Armed men hijack a New York City subway train, holding the passengers hostage in return for a ransom, and turning an ordinary day's work for dispatcher Walter Garber into a face-off with the mastermind behind the crime.
Matt Weston (Ryan Reynolds) is a CIA rookie who is manning a safe house in Cape Town, South Africa, when Tobin Frost (Denzel Washington) the CIA's most wanted rogue agent is captured and taken to the safe house. During Frost's interrogation, the safe house is overtaken by mercenaries who want Frost. Weston and Frost escape and must stay out of the gunmen's sight until they can get to another safe house. Written by
Douglas Young (the-movie-guy)
In an early draft of the screenplay, Matt Weston's ability to catch up to Tobin Frost was explained thusly: during his time at the CIA's academy for new agents in training, "The Farm", Frost's file was assigned to Weston as his case study. Weston had memorized Frost's history and used this data to explain to the CIA leaders where Frost would go once he was on the run. The scenes where Weston tracks down Frost in the South African township were kept for the final draft, but altered so Weston used ad hoc research skills to locate his charge. See more »
During the fight scene outside with Keller and Westin, you can see someone walk past them. See more »
That house was a secure location. Whoever crashed it didn't stop by a gas station and ask for directions to the nearest safe house. They were invited. Someone told them, Matthew. Think about it. Someone you know, so you better ask yourself, can you trust your landlord?
Go ahead. You're not gonna get in my head.
I already am in your head. They're going to isolate you, Matt. They're going to be real nice to you at first. They're going to put their arm around you and tell you things like, "You did...
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"Safe House" is a exhilarating action thriller with explosive stunts and sequences.
One of the CIA's most wanted, Tobin Frost (Denzel Washington), is back on the run after a ten-year disappearance. This alerts the CIA and sends their team to a gripping chase in Cape Town, South Africa. At a remote location, the CIA's safe house is guarded by a rookie operative, Matt Weston (Ryan Reynolds). The house have been empty for years, involving no guests or action. At the arrival of Frost and the intelligence, a brutal investigation occurs. Phased by the presence of a notorious criminal, Weston becomes nervous and confused. In the midst of questioning, mercenaries invade the house and begins a killing spree in an effort to kidnap Frost as well. Frost reminds Weston, that as a house guest, he is to be protected. This sends Weston to a dizzying panic and eventually escapes along with Frost.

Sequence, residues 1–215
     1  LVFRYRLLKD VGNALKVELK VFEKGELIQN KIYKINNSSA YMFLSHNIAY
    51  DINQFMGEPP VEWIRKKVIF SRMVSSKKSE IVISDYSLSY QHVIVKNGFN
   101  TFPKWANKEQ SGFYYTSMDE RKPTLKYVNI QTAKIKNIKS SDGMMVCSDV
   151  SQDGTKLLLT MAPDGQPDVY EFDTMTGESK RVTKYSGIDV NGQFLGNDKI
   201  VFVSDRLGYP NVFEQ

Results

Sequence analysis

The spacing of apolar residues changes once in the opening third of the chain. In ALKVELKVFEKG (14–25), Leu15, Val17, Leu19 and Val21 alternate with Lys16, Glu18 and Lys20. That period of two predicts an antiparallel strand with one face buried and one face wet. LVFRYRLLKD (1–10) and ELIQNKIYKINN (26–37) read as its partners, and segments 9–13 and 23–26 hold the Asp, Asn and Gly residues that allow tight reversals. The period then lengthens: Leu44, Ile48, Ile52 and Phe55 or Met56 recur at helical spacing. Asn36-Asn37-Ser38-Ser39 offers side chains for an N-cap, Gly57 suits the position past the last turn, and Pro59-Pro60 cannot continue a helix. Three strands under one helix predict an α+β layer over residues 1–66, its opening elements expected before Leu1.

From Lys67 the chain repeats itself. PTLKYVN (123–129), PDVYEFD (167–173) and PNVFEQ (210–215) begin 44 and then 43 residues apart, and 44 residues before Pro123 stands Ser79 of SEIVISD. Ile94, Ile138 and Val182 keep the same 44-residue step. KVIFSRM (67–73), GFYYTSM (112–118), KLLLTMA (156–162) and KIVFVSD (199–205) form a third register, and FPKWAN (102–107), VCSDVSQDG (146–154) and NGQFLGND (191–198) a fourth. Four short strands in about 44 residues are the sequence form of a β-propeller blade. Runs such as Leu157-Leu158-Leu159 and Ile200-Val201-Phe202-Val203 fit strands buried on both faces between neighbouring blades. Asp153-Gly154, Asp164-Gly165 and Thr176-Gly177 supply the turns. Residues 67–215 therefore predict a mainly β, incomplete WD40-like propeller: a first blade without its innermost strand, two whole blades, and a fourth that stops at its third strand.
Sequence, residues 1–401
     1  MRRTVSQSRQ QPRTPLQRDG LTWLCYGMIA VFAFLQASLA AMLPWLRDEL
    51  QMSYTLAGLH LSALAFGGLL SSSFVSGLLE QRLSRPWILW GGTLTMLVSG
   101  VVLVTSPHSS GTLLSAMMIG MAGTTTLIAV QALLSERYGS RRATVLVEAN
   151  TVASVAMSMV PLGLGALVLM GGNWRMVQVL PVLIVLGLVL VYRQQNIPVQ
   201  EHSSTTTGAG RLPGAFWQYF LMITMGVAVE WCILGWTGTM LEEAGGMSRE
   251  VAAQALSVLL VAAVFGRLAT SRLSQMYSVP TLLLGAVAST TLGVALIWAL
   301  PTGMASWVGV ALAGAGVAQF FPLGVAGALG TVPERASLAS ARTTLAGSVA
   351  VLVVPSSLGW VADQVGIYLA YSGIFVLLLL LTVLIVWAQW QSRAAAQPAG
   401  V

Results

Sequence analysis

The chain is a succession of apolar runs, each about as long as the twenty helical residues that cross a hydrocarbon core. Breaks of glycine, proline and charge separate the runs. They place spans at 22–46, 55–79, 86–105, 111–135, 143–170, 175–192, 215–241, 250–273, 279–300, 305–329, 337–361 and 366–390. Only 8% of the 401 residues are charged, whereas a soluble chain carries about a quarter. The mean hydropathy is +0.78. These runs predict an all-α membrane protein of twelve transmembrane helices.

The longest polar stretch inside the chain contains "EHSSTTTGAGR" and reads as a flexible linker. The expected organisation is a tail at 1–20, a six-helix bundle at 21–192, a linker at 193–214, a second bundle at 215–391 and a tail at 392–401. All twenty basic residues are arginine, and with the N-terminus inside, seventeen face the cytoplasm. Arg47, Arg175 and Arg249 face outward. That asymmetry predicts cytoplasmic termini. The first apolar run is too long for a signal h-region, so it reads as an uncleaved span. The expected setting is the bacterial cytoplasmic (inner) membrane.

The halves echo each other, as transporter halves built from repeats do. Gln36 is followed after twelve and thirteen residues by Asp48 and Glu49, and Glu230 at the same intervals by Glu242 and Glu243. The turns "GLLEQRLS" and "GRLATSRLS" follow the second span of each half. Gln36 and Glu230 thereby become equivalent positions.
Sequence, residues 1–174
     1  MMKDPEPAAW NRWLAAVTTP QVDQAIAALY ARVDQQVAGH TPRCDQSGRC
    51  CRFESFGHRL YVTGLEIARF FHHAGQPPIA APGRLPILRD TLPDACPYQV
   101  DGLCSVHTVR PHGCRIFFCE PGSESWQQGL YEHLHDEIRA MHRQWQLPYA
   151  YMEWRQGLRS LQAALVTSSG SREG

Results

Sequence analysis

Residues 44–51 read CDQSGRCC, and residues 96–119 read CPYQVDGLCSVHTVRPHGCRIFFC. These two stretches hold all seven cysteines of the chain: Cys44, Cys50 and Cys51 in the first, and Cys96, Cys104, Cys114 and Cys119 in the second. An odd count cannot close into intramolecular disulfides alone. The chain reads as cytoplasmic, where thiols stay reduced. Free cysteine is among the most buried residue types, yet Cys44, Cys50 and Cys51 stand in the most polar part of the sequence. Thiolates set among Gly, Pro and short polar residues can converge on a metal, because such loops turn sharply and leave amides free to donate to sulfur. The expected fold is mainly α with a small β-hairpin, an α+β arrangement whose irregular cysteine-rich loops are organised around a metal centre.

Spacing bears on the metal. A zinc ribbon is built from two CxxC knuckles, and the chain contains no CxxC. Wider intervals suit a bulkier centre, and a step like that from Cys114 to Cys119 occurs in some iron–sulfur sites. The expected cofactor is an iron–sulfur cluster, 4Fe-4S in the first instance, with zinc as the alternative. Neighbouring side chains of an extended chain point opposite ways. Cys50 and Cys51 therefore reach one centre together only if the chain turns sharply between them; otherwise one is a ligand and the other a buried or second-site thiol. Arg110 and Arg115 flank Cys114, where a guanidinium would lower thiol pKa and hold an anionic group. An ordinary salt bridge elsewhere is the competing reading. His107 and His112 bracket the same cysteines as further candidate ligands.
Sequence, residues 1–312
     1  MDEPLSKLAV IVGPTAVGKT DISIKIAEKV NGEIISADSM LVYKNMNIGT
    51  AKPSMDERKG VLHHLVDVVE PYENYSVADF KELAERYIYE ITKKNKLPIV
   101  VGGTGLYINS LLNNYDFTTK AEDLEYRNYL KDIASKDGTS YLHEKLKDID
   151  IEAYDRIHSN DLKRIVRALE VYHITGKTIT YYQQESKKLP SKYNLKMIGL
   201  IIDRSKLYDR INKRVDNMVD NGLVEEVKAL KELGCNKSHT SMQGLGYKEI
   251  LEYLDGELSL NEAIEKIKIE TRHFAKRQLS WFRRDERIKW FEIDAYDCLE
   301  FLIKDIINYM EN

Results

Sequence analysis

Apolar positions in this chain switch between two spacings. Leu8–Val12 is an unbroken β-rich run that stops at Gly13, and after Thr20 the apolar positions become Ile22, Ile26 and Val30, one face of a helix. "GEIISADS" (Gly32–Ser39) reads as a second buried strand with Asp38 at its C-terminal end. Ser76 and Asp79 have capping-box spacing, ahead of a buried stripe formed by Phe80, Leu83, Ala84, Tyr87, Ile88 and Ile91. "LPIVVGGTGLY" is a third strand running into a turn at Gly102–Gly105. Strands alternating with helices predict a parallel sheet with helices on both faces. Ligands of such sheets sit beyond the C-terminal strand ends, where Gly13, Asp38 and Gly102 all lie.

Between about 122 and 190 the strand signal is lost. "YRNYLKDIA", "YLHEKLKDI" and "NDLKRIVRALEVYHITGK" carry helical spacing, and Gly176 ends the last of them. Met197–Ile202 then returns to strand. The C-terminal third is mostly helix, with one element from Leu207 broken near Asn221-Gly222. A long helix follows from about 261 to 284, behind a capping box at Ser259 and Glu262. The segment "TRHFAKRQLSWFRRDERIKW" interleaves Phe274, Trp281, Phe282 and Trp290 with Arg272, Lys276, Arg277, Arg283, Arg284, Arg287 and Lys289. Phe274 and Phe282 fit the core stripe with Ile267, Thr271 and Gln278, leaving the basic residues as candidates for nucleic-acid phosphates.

"Safe House" is a exhilarating action thriller with explosive stunts and sequences. The team behind the film stages multiple exciting scenes that involve beat down rooftops in the rural areas as well as heart-stopping car chases along the streets. Frost is an intelligent man. Being a former intelligence, who's gone rogue, he knows the rules and procedures. Most of the time, he's fascinated by watching Weston carry out his duties. Weston is continuously conflicted, looking for ways to hide Frost. Yet, Frost never makes it easy for him, as he tries to escape as well. Weston communicates with one of his supervisors, David Barlow (Brendan Gleeson), to determine their next move. But, the gunmen are determined to kill Frost, forcing Weston to take matters into his own hands.
Denzel Washington is an actor full of intensity. He can sit there and watch Reynolds do his thing and still convey the deepest of his character's emotions. He gives Frost both a terrifying presence and a sympathetic feel. Ryan Reynolds, on the other hand, manages to stand along Washington and give the same intensity. His wits and charisma works perfectly for his distressed rookie persona. The film succeeds best because of this tandem, allowing the actors to build a good enough relationship to carry out the entire film.
"Safe House" is a great action thriller with non-stop action. This is the first mainstream feature for Daniel Espinosa and he comes forth as promising due to his skillful camera work with the action scenes. One of the most impressive is the rooftop chase at night. The editing is pitch perfect as it allows the audience to feel the danger of the situation from each point of view. This film could have been bleak and predictable if the leads were miscast but Washington and Reynolds' enigma make the film satisfyingly fun and fresh.
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